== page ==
Waxing Philosophical

At those junctures in life when I am stuck and absolutely unsure where to turn, when I can almost see the contours of a proverbial question mark floating above my head, I will more often than not choose to call upon a higher power to give me inspiration. It is a habit that my parents cultivated in me as a child and has since grown and developed over time. When I was living in France, this habit was a tad bit rusty. I spent Monday through Friday of every week waking up early, preparing to teach, leading random activities, and planning the evening program. There was hardly any time to think, let alone pray or nurture any kind of faith.

When I did attempt to ask God for help in choosing whether I should take the job in Barcelona, or claim my spot in the Masters program at CSULB, I cannot say that I had any major revelations. People over the centuries have often talked of hearing God’s “voice” in one way or another, but during my time at American Village, I wasn’t really hearing anything. There was no thunderous response; no telltale sign that this was the correct path I was supposed to be taking.

I was, however, reminded of my friend Nic. Nic is a Deist and as such, he thinks of God as the “Divine Clockmaker” who carefully designed the materials for this world and put them all together. He says that if you examine the complexity of nature—all of the patterns and intricacies of galaxies and hemispheres, the vastness, the magnitude of it all—it is difficult to conclude that everything came together by random chance. There has to be some sort of supernatural being who structured it with purpose and intent. As the Divine Clockmaker, God designed all the gear shafts of this universe, wound them up, and then removed his hands from the process, allowing the clock to start ticking as it may.

Nic doesn’t believe that God intervenes in our lives because if He did, then it would inhibit the notion of free will. The second God starts fooling with the clock again we are subjects of his determining and not our own. Our decisions suddenly become insignificant. Free will no longer exists.

When I consider all of this from a present-day standpoint, I am immediately reminded of my favorite travel memoir, Eat, Pray, Love. Towards the latter part of the narrative, Elizabeth Gilbert is living in Bali and she befriends a single mother named Wayan whose business is struggling and who is being evicted from her home. Wayan and her eight-year-old daughter have nowhere to go and so Gilbert decides to secretly raise money for them to have a home. She emails everyone she knows in the United States, explains the dire situation, and asks them to donate whatever they can. Gilbert ultimately raises over $18,000 and when she finally tells Wayan what she has done, Wayan is overwhelmed with shock and gratitude. She asks Gilbert, “What would I do if you never came here?”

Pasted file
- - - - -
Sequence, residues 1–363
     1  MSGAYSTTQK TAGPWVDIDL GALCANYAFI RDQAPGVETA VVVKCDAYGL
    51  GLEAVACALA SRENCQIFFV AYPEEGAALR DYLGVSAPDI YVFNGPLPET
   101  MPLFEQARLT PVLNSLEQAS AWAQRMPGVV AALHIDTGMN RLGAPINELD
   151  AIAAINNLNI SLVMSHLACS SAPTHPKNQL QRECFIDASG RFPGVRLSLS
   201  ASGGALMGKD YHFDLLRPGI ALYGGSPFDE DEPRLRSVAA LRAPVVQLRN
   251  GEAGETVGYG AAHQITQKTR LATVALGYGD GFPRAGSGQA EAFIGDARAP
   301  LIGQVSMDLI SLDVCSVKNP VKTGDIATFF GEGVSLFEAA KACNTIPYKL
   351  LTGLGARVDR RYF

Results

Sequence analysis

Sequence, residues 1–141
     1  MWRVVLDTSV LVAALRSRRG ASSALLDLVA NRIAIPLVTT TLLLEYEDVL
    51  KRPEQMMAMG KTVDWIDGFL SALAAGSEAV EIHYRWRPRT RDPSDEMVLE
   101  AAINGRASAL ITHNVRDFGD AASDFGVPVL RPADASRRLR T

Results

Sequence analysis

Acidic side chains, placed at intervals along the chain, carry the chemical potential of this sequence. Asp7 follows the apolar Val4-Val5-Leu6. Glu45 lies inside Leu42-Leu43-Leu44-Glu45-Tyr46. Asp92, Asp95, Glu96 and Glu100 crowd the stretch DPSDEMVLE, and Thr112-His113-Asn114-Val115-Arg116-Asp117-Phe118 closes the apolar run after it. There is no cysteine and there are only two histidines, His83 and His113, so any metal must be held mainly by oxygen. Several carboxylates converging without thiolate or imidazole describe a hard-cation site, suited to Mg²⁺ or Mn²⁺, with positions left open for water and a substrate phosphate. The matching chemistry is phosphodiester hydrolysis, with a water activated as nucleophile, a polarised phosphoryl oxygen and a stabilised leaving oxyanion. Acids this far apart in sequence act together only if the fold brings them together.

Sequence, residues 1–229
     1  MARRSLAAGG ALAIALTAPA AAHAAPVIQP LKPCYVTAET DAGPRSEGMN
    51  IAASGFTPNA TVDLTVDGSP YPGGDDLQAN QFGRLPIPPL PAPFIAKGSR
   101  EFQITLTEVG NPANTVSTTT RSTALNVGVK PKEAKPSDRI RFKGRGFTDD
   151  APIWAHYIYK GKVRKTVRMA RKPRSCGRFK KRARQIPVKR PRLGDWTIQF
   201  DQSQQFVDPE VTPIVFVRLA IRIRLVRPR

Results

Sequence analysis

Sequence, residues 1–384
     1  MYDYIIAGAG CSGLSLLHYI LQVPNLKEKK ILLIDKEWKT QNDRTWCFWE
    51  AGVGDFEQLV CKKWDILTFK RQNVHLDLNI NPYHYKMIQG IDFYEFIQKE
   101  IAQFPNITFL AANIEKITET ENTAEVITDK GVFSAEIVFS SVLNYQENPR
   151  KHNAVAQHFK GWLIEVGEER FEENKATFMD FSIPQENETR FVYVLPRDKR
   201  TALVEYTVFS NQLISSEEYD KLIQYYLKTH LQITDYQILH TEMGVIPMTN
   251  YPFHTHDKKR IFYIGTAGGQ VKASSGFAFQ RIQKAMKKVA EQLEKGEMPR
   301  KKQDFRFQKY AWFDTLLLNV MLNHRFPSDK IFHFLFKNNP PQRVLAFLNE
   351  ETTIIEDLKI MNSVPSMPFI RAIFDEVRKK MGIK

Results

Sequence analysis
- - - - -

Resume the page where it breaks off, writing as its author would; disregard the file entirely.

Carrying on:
Gilbert considers her question and responds by stating, “But I was always coming here.” She then discusses a Sufi poem that talks about how God drew a circle in the sand around the exact spot where we find ourselves today; only He drew that circle eons ago. “I was never not coming here,” she writes. “This was never not going to happen.”

In the eyes of Elizabeth Gilbert, God had planned it to be so.

Yet, if God is the Divine Clockmaker and He is neither intervening in our lives, nor drawing circles in the sand, then everything that happens to us is the product of our choices alone. Nic believes it is arrogant for us to think that in this great big galaxy, the human beings on planet earth are important enough for God to invest His time and energy in. We don’t know what else is out there, he says, and it seems incredibly likely that we are not the center of the universe.

I don’t believe we are the center of the universe—after all, that would be quite narcissistic of me—yet, I do believe that God loves us for some crazy reason and does take an active interest in our lives. I could go ahead and quote The Bible on this subject, but I won’t. Instead, I will ask you to consider how we can explain miracles if God does not directly involve himself in the affairs of this world. How do we account for events that cannot be scientifically explained and that seem far too complex to be labeled as “luck” or random coincidence?